Tuesday, January 26, 2010

What Goes Around

What goes around? A wheel, for one thing. Did you know that bicycles used to be called "wheels"? And their riders were wheelmen and wheelwomen. I love the sound of that. Also, "The Wheelwoman" was the name of a magazine for bicycling women, published from 1895 through 1897. It was edited by Mary Sargent Hopkins. Her blog pen name was "Merrie Wheeler".

Credit: Andrew Ritchie http://andrewritchie.wordpress.com/2010/01/16/the-wheelwoman-search-for-copies/
The other thing that goes around is fashion. It appears that the current debate over appropriate cycling attire has changed little since bicycles became popular in the 1890s. At this time, women's clothing was still very restrictive - floor length dresses, corsets, lots of drapery and puffed fabric. When women started to ride the bicycle, things changed rapidly. Bloomers were introduced to the horror of many refined Americans. Short skirts (as in knee-length), knickerbockers (as in knickers or pants), and even early skorts (split skirts with a panel that hid the split) started to become acceptable in public. Doctors, who had long disapproved of corsets due to their health effects, strongly discouraged their use in cycling and other forms of activity. In fact, doctors and feminists joined forces to promote the new women's fashions. The following article is by a physician, reportedly published in "The Outlook" in April, 1896 (I don't have the original). Click to view larger.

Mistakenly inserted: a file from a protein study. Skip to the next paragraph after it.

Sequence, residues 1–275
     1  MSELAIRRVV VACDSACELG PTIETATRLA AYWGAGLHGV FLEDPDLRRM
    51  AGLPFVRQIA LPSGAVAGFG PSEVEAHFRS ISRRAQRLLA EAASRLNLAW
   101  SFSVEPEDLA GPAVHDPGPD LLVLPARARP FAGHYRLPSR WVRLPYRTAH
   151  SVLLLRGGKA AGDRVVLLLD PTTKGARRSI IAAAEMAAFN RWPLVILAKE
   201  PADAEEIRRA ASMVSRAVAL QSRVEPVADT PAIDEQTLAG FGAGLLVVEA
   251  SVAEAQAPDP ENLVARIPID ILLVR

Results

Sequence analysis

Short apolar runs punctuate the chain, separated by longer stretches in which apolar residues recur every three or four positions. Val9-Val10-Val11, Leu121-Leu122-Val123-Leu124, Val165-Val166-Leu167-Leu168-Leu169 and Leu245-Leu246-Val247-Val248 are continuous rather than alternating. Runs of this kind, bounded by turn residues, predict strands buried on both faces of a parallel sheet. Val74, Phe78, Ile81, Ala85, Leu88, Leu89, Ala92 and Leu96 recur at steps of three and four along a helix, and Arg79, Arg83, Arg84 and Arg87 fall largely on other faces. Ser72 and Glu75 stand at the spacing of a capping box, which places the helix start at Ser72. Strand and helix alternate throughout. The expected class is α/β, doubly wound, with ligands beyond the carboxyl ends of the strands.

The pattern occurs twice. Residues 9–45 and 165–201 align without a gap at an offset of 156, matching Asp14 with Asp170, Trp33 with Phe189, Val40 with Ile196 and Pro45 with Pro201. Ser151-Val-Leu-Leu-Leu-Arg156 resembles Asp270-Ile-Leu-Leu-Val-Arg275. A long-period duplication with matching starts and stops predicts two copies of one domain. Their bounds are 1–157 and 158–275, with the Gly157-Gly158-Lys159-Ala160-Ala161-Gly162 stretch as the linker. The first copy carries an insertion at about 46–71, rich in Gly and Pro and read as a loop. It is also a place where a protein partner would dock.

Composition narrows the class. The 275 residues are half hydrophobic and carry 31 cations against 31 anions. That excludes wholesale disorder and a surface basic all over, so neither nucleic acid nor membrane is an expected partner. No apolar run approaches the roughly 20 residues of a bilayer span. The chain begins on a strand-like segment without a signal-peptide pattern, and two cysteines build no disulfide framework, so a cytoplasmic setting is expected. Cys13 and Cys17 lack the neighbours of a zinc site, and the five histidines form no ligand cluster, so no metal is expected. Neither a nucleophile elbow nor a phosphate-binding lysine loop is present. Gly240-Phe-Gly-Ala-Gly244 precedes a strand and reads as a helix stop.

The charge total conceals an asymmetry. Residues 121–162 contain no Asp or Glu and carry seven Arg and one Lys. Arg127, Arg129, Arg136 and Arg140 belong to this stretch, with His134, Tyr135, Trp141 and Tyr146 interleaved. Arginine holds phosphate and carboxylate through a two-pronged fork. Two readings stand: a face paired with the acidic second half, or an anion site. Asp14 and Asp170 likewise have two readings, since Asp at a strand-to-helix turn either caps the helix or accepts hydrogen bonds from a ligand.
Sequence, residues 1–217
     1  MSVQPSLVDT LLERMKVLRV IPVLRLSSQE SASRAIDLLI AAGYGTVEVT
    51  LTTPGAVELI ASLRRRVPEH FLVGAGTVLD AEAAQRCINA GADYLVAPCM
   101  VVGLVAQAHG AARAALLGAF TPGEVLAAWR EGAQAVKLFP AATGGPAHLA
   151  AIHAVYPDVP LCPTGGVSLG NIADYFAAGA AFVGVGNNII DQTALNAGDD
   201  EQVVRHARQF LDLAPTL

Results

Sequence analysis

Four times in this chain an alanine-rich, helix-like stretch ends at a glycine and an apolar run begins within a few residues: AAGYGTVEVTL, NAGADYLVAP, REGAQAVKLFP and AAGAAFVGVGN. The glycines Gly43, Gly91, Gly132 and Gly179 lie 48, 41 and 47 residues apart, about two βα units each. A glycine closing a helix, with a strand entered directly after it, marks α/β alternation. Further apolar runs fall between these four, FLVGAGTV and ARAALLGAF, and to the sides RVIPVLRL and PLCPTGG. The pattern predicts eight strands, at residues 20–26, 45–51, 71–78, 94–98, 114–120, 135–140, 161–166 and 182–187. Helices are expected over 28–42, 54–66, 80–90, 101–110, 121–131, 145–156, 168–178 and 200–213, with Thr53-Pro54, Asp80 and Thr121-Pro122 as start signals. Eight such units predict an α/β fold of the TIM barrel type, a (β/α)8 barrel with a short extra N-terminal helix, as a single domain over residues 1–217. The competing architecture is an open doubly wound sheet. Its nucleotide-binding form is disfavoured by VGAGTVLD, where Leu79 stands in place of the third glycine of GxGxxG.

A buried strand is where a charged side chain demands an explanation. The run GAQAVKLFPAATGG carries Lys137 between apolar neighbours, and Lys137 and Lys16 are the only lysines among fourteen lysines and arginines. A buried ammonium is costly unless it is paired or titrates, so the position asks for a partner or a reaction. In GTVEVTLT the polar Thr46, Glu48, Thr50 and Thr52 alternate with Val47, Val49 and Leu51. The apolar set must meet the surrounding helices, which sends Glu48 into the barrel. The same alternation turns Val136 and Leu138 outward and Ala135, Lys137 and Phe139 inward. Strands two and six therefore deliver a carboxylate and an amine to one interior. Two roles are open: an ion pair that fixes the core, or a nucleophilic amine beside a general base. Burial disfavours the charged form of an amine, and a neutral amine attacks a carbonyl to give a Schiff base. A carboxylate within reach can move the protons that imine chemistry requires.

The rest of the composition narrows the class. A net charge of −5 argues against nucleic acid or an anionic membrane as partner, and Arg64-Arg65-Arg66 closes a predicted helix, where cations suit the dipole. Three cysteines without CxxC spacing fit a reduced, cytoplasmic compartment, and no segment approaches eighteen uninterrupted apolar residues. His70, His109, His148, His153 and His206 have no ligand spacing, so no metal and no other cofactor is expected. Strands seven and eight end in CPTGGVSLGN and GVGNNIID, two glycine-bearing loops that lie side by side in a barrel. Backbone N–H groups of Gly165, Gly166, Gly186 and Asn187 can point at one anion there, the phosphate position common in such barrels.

There are many, many similar articles about "wheeling" closthes for women...from the US, England, New Zealand, etc. A few more interesting links: an article on How to Ride the Bicycle and What to Wear by Mary Sargent Hopkins, and a seasonal article in the 1897 Brooklyn Eagle.

Disclaimer: To the best of my knowledge there is no copyright or other infringement for me to post these for non-commercial purposes.


  1. I am always amazed at your facts and figures, and often wonder where, and how, you find them. I knew only a little of this, and that from visits to the Women's Rights National Historical Park in Seneca Falls, N.Y., a frequent field trip for western and central New Yorkers. A great museum, too!

  2. interesting coincidence: your commentary on the term "wheelman/wheelwoman" and the very recent establishment of a local vintage bike club, "boston retro wheelmen".

  3. Kyle, most of my information comes from B! Supplemented by my excellent web research skillz. I've been past that museum, btw, but never visited. The bicycle really did play a big role in women's emancipation.

    somervillain, that is a great name! I would start a retro wheelwoman (and wheelman) club here but I think it would just be me and my one friend who rides an Oma. And maybe some guy I met once who rides an old Raleigh. You've got some good culture up in Boston.

  4. step-through: it's "cultcha" in these parts!